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Theoretical Roman Archaeology Conference

The Theoretical Roman Archaeology Conference (TRAC) is an academic organisation and conference which was designed to be an arena for open discussion of archaeological theory in Roman archaeology.

Theoretical Roman Archaeology Conference (TRAC)
Copy of TRAC Logo Square whitebg.tif
Logo of TRAC
Predecessor Theoretical Archaeology Group
Formation 23rd - 24th March 1991
Founder Eleanor Scott
Founded at University of Newcastle
Purpose Promotion of a theoretical discourse in Anglophone Roman archaeology
Website http://trac.org.uk/

Contents

HistoryEdit

TRAC, organised initially by Eleanor Scott, was held for the first time in the Department of Archaeology at the University of Newcastle on 23-24 March 1991.[1][2]

Historically, one of TRAC's main focuses has been on the debates surrounding Romanisation, and this dominated many of the volumes during the 1990s. However, since the early 2000s, there have been a rising number of discussions relating to post-imperial and post-colonial approaches to the Roman world.[3]

TRAC was originally established as an one-off event, but, the interest that this conference garnered led to it becoming an annual fixture. After the initial meeting in Newcastle, TRAC has been run at many of the major archaeology departments in the UK and has even been organised at institutions in Europe and America.

TRAC was joined with RAC (the Roman Archaeology Conference), organised by the Roman Society, at Reading University in 1995.[4]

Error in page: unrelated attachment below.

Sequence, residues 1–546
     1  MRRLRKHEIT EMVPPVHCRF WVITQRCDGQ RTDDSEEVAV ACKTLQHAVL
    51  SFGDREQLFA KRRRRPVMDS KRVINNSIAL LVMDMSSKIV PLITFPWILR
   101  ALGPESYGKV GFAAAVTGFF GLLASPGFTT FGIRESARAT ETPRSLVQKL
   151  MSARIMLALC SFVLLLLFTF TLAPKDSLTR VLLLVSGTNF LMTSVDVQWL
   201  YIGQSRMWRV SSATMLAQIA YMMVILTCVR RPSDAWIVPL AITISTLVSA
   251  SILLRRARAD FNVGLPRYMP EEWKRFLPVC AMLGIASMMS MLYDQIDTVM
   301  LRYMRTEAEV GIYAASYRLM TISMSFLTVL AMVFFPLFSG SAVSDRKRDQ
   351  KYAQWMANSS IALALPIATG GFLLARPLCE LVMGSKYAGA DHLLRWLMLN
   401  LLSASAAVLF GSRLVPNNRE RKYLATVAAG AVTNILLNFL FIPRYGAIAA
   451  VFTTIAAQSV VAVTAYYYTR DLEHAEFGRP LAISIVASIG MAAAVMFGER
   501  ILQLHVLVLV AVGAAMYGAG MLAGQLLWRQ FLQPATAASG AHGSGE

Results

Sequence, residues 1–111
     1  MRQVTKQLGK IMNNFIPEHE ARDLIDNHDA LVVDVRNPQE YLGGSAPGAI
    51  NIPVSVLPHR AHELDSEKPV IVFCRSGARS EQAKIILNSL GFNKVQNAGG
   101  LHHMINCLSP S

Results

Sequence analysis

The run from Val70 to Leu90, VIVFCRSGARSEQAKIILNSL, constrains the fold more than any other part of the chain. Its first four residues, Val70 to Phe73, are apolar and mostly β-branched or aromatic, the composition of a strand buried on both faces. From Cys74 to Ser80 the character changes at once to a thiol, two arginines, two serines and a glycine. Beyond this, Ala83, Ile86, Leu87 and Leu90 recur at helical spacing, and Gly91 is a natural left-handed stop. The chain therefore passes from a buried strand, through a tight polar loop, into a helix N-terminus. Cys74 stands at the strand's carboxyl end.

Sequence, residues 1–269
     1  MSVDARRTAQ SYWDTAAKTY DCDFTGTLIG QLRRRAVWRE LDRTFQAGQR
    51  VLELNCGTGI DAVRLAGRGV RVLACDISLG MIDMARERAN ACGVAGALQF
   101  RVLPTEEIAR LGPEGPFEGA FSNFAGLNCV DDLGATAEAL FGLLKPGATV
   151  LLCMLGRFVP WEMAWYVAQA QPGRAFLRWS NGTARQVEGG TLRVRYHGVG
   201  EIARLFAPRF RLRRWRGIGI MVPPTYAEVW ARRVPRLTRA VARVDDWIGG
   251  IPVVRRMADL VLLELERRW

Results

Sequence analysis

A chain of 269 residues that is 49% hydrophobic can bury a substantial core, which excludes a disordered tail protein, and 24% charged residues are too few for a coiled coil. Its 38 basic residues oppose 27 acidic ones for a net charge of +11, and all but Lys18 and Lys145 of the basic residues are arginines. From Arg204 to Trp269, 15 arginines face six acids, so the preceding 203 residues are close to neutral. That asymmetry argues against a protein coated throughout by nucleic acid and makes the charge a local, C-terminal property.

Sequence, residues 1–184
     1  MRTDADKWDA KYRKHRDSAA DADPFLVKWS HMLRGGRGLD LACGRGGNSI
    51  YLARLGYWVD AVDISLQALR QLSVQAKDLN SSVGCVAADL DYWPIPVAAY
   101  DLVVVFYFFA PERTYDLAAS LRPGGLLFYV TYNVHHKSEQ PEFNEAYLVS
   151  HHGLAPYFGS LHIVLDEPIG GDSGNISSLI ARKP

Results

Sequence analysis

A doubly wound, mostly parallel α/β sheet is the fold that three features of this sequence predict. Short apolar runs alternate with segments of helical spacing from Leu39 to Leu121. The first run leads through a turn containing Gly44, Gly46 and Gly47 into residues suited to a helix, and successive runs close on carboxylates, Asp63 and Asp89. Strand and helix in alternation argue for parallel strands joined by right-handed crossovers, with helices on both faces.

ParticipantsEdit

Many of the participants in TRAC are younger scholars or postgraduates who use the conference to outline their own original research and attempt to re-define existing models about the Roman past.[5]

Andrew Gardner, in an article in TRAC 2005, raised the issue of a gender imbalance in the history of TRAC conferences.[6] However, in more recent article, Eleanor Scott concluded that TRAC had given an equal platform to female archaeologists working within Roman archaeology.[7]

JournalEdit

TRAC was previously published as a set of conference proceedings.[8] From TRAC 2017 it moved to an online open access journal, the Theoretical Roman Archaeology Journal, published by the Open Library of Humanities.[9]

SubjectsEdit

  • Romanisation
  • Post-colonial archaeology
  • Gender and material cultural
  • Material cultural theory

ReferencesEdit

  1. ^ Scott, Eleanor, ed. (1993). Theoretical Roman archaeology : first conference proceedings : [23 - 24 March 1991, Newcastle]. Aldershot: Avebury. pp. 1–2. ISBN 1856287033. 
  2. ^ "Bio and career". ELEANOR SCOTT ARCHAEOLOGY. Retrieved 24 February 2018. 
  3. ^ Millet, Martin (2016). "Roman Britain since Haverfield". In Millett, Martin; Revell, Louise; Moore, Alison. The Oxford Handbook of Roman Britain. Oxford University Press. pp. 22–42. 
  4. ^ "RAC Archive « Roman Archaeology Conference". romansocietyrac.ac.uk. p. 3. Retrieved 24 February 2018. 
  5. ^ Laurence, Ray (1999). "Theoretical Roman Archaeology". Britannia. 30: 387. doi:10.2307/526691. Retrieved 24 February 2018. 
  6. ^ Gardner, Andrew (2006). "The future of TRAC". In Croxford, Ben; Goodchild, Helen; Lucas, Jason; Rav, Nick. TRAC 2005 proceedings of the fifteenth annual theoretical roman archaeology conference which took place at the University of Birmingham, 31st March-3rd April 2005. Oxford: Oxbow books. pp. 128–137. ISBN 1842072196. 
  7. ^ Scott, Eleanor (2012). "Introduction: The Theoretical Roman Archaeology turns 21". In Duggan, Maria; McIntosh, Frances; Rohl, Darrell J. TRAC 2011 : proceedings of the Twenty-First Annual Theoretical Roman Archaeology Conference, which took place at the University of Newcastle, 14-17 April 2011. Oxford: Oxbow Books. pp. 1–3. ISBN 1842174991. 
  8. ^ "TRAC Proceedings". TRAC. TRAC. 11 March 2013. 
  9. ^ "Theoretical Roman Archaeology Journal". TRAC. TRAC. 10 May 2017.